In the future, half of the world’s data volume will no longer be generated by or between people but by vehicles, sensors, or other various types of networked devices, according to some predictions.
Not only the number of devices but also the volume of data continues to increase dramatically. Telecom equipment supplier Ericsson estimates that global data traffic will increase fivefold to 136 exabytes per month within the next five years, compared to today. The expectation is that a typical end user will generate up to 1.5 gigabytes of data per day, and a vehicle with up to 4 terabytes even several times that amount.
The 3GPP (3rd Generation Partnership Project), the organisation responsible for cellular standards development, already had these new requirements in mind when it defined the fifth-generation mobile network 5G. At its core, 5G was about offering significantly higher data rates (100 times higher than 4G/LTE), enabling latency times in the millisecond range, and providing significantly higher availability and reliability of the network.
However, the significant increase in the number of end devices, the explosion in the volumes of data exchanged, and the need for minimum latency times are placing new demands which 5G technology alone may not meet.
The concept of edge computing provides a solution. The idea behind it is simple: bring the cloud with its computing capacity closer to the users and thus achieve runtimes of less than 10 milliseconds but without losing the advantages of the cloud. In simpler terms, edge computing means running fewer processes in the cloud and moving those processes to local devices, such as on a user’s smartphone, computer, an internet of things device, or an edge server. Bringing computation to the network’s edge minimises the amount of long-distance communication that must happen between client and server.
The processing of vehicle data in the context of autonomous driving is often cited as a relevant use case for edge computing. Vehicles stand still for an average of 96% of their lifetime – here, the load-balancing advantage of edge computing becomes very clear: you do not necessarily have to install expensive components in every vehicle, but instead shift the logic to an edge computing device that can serve a large number of vehicles.
The potential for weight and cost reduction through edge computing devices can be illustrated, for example, by the complex image processing and video analysis of camera drones. And one can expand the application scenarios infinitely: from the implementation of blockchain logic in production, logistics and supply chains to the complex calculation of augmented and virtual reality models, for example for plant technicians during installation or maintenance work, to the real-time control of production plants, and so on.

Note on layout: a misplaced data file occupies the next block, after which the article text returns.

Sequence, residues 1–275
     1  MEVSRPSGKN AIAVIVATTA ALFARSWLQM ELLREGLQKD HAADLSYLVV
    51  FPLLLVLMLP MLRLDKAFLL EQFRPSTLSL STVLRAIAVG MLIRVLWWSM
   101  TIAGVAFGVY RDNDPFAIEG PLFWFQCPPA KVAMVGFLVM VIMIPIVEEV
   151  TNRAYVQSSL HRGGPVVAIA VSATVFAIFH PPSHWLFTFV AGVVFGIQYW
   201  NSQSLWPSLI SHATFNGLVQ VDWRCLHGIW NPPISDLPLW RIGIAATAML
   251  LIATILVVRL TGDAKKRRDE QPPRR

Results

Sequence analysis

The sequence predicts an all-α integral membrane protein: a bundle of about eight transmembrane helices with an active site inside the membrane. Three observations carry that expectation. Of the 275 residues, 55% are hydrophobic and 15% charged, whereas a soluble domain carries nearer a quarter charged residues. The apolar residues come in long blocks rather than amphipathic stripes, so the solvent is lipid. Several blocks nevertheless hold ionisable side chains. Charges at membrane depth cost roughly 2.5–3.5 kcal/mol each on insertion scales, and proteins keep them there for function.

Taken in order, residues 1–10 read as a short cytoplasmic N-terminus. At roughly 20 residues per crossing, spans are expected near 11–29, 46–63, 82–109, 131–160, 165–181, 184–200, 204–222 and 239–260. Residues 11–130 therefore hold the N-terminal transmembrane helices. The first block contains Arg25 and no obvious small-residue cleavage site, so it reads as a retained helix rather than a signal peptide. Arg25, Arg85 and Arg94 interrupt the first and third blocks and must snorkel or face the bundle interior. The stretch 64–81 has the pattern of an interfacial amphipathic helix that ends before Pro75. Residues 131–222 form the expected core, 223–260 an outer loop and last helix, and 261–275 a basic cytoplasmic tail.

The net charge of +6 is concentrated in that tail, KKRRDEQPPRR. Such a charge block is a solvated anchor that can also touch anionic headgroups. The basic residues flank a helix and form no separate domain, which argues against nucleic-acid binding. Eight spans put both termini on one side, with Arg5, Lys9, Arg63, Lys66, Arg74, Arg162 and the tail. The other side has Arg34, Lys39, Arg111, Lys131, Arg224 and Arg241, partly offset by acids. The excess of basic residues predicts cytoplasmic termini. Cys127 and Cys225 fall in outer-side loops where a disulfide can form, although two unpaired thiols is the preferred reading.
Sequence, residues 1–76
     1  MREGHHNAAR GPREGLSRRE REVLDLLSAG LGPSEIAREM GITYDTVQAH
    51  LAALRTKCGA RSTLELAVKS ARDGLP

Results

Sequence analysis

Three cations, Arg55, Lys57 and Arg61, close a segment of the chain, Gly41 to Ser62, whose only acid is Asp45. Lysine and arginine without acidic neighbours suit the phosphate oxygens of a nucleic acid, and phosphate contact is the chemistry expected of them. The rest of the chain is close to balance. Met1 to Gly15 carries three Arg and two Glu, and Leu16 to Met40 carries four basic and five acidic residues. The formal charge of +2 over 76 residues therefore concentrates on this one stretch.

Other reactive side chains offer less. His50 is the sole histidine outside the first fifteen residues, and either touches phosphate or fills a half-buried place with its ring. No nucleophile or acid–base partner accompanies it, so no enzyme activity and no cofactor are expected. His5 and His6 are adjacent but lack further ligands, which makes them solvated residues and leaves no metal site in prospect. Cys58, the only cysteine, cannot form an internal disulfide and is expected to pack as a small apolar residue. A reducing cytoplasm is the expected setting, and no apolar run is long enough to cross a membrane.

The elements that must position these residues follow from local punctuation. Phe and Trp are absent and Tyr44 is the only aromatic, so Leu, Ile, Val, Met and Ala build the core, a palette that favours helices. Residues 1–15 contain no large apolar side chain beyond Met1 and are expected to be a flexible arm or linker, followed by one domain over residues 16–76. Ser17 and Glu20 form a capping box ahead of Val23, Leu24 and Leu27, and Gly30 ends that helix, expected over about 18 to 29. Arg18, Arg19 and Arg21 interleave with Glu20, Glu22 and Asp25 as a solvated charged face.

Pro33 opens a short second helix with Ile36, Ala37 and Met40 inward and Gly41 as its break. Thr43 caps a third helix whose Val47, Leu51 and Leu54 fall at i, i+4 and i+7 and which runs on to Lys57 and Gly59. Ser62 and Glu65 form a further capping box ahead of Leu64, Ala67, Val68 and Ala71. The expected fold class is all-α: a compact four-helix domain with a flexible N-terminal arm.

While the edge computing concept may reduce the volume of communication between device and the cloud, edge computing is still heavily dependent on connectivity standards such as 5G or Wi-Fi. Connectivity standards are often subject to thousands of patents and in some cases these patents claim inventions that read on the standardised technology. Such patents are referred to as standard essential patents (SEPs).
Companies that define and specify technologies such as 5G or Wi-Fi and that own essential patents for such technologies will be among the technology leaders in a soon fully connected world.
To get a better understanding of the landscape of patents, SEPs and standards contributions for edge computing technologies, the IPlytics Platform databases were used to analyse edge computing-related patent filing trends as well as to understand which companies develop the latest standards that enable edge computing and which companies hold essential assets on edge computing technologies.
Figure 1 shows the number of submitted standards contributions per year, the number of patent families by publication year, as well as the number of SEP families by year of declaration that describe edge computing technologies.
The data confirms a sharp increase in patent filings, patent declaration and standards contributions. While the submission of standards contributions for edge computing sharply picked up in 2016 and 2017, patent filings exploded between 2018 and 2020 to a peak of 4,010 new family filings.
Also, between 2017 and 2020, the first patents that describe an edge computing technology were declared as standard essential, increasing to 145 newly declared patent families in 2020.
Figure 1:Number of standards contributions, number of patent families by publication year and number of SEP families by year of declaration that describe edge computing technologies (IPlytics Platform, April 2021)
It should be noted here that 5G technology does not necessarily have to be used to bridge the ‘last mile’ to the mobile end device. In industrial plants, alternative technologies such as wireless standards (Wi-Fi), which have similar performance characteristics to 5G, are also possible.
Figure 2, however, shows that most standards contributions describing edge computing have been submitted to connectivity standards such as 4G and 5G followed by local area network standards such as the IEEE 802.11 series (Wi-Fi) or the IEEE 802.24, IEEE 802.19, IEEE 802.15 series, as well as Internet Engineering Task Force standards.
Figure 2: Number of standards contributions that describe edge computing technologies, by standards technology (IPlytics Platform, April 2021)
The interplay between 5G and edge computing opens up new opportunities and areas of application for companies: 5G as a high-performance mobile communications technology and edge computing with its possibilities for the development of new smart services. To understand technology leadership for edge computing technologies, both data on standards contributions as well as on patent filings and SEP declarations were counted on the company level.
Table 1 shows the top 30 companies most active in patent filing, SEP declaration and standards development. The list of technology leaders shows some companies that do not yet participate in standards development, and thus also do not declare SEPs, but are still among the companies with most edge computing patent filings, such as SAS Institute (US), IBM (US), Pure Storage (US) and Microsoft (US).